GAITHERSBURG, Md. — A woman suffering from mental illness has gone missing in Montgomery County. Teams of officers from other area police departments have established search grids in her case, gathered around tables in a conference room at Montgomery County’s police headquarters.
The woman’s case is real and was used Monday to train officers from neighboring departments on locating missing people and also to familiarize them with Montgomery County’s response to these sorts of cases.
Environments and personnel may differ, but being familiar with how neighboring departments operate can help law enforcement better work together, said Officer John Greene, an instructor and a K-9 handler with Montgomery County police for more than 30 years.
“If we are speaking the same language, it helps with the investigations of the cases; it helps with translating the cases from one jurisdiction to another,” Greene said.
This particular case is also one of more than 3,000 missing persons cases the Montgomery County Police Department receives in a year.
At one table on Monday, officers from the Maryland Natural Resources Police looked at maps on computers and discussed what their strategy would be in searching for the woman in the case.
“The good thing about this training is that it brings everyone together and says that we all have this common goal and a common task that we are trying to complete,” said Sgt. Ben Lillard with the state’s natural resources police.
At the end of the class, each team of officers must decide if they have found the person with the information provided or if they must call off the search. The results are then examined and discussed between the teams in the room, Greene said, and many times, even the teachers learn because the teams are looking into their cases.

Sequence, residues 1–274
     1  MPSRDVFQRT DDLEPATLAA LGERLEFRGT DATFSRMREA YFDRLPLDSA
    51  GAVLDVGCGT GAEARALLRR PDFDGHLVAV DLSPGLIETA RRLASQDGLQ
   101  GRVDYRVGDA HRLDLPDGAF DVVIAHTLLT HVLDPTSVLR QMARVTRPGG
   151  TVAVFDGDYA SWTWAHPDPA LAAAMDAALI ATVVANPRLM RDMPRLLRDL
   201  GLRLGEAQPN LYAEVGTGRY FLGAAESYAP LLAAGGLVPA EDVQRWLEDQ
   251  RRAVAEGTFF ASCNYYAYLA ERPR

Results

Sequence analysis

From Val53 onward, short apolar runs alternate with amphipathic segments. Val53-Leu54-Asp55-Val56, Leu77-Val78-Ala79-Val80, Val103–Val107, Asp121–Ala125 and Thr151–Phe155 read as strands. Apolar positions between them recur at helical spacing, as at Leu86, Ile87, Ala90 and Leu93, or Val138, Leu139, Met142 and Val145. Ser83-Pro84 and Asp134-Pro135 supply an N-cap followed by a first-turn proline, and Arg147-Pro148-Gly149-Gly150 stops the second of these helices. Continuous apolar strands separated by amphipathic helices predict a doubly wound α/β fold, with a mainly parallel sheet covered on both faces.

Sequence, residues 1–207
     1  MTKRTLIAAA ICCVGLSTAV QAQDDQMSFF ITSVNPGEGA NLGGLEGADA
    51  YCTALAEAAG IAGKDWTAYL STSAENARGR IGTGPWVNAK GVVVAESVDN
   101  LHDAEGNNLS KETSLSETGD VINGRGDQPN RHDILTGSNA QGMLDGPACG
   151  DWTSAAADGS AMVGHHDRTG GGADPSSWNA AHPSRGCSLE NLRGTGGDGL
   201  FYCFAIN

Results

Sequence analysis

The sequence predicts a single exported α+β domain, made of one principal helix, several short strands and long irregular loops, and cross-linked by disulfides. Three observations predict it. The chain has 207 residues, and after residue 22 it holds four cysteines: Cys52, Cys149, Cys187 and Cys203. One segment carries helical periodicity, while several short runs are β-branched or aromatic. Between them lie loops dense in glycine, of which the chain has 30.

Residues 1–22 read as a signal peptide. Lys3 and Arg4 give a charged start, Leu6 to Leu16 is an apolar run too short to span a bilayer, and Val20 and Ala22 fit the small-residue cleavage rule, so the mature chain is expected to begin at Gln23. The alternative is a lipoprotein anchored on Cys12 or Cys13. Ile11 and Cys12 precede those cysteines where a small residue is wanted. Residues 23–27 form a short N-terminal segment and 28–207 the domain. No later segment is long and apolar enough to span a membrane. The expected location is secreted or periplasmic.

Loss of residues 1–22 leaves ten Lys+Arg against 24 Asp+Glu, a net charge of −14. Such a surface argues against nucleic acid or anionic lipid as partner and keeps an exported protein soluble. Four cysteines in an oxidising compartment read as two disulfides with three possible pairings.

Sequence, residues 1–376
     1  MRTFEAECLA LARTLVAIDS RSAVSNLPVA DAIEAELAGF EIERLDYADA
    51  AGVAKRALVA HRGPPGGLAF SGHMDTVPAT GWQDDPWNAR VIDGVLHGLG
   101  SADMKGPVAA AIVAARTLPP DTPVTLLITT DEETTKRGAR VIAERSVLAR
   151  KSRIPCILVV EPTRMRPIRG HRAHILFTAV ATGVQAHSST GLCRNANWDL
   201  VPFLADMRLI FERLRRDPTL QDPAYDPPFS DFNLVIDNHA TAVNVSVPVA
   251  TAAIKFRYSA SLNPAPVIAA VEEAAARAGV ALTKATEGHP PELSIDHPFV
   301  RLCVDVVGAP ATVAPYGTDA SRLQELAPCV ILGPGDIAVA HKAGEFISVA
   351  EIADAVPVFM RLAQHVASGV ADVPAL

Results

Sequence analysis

“It helps us grow and helps us learn,” Greene said.
Officer Jason Huggins, a search manager for Montgomery County police, added that jurisdictions around the D.C. area need to work together because, with many mass transit options, missing people can quickly make it out of the area.
For those who are believed to be on foot, it still doesn’t take long for a search for them to expand. “With the speed a person can walk — we’ll say 2 miles an hour — within six to eight hours of a person going missing, the entire county is our search area,” Huggins said.
The training can also help with finding people suffering from other conditions such as dementia, who may have wandered away from home, and in cases where someone mysteriously disappears, or if a multi-jurisdiction search is on for a suspect in a crime.
For those in the class, Huggins said it is also a chance for the officers from all the different departments to network and get to know one another before they are under the pressure of an active case. Attendees like Sgt. Chris Cusmano of the Charles County Sheriff’s Office said it’s essential all departments cooperate with one another.
“To cover a large area or an extended search that may last hours or days is nearly impossible to do for an agency completely on their own without relying on other agencies to help out,” Cusmano said.